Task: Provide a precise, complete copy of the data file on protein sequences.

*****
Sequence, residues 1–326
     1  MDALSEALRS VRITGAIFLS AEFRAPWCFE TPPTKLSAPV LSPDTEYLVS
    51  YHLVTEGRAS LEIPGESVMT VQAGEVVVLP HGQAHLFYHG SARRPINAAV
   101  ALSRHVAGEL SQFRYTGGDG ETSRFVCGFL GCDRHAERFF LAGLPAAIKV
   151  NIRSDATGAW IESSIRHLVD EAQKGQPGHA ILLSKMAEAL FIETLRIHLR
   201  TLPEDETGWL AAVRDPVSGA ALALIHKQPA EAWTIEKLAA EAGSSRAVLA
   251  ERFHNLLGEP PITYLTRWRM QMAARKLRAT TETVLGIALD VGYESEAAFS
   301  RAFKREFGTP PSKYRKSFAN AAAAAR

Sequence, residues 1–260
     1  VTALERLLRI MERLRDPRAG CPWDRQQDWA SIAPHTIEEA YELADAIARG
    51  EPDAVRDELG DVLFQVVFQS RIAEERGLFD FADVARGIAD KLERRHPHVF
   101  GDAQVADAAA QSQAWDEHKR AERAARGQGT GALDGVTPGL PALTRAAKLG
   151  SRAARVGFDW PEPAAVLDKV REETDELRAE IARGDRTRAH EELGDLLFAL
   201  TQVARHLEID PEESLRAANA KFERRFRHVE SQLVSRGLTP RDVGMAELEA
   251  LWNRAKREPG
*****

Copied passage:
Sequence, residues 1–326
     1  MDALSEALRS VRITGAIFLS AEFRAPWCFE TPPTKLSAPV LSPDTEYLVS
    51  YHLVTEGRAS LEIPGESVMT VQAGEVVVLP HGQAHLFYHG SARRPINAAV
   101  ALSRHVAGEL SQFRYTGGDG ETSRFVCGFL GCDRHAERFF LAGLPAAIKV
   151  NIRSDATGAW IESSIRHLVD EAQKGQPGHA ILLSKMAEAL FIETLRIHLR
   201  TLPEDETGWL AAVRDPVSGA ALALIHKQPA EAWTIEKLAA EAGSSRAVLA
   251  ERFHNLLGEP PITYLTRWRM QMAARKLRAT TETVLGIALD VGYESEAAFS
   301  RAFKREFGTP PSKYRKSFAN AAAAAR

Sequence, residues 1–260
     1  VTALERLLRI MERLRDPRAG CPWDRQQDWA SIAPHTIEEA YELADAIARG
    51  EPDAVRDELG DVLFQVVFQS RIAEERGLFD FADVARGIAD KLERRHPHVF
   101  GDAQVADAAA QSQAWDEHKR AERAARGQGT GALDGVTPGL PALTRAAKLG
   151  SRAARVGFDW PEPAAVLDKV REETDELRAE IARGDRTRAH EELGDLLFAL
   201  TQVARHLEID PEESLRAANA KFERRFRHVE SQLVSRGLTP RDVGMAELEA
   251  LWNRAKREPG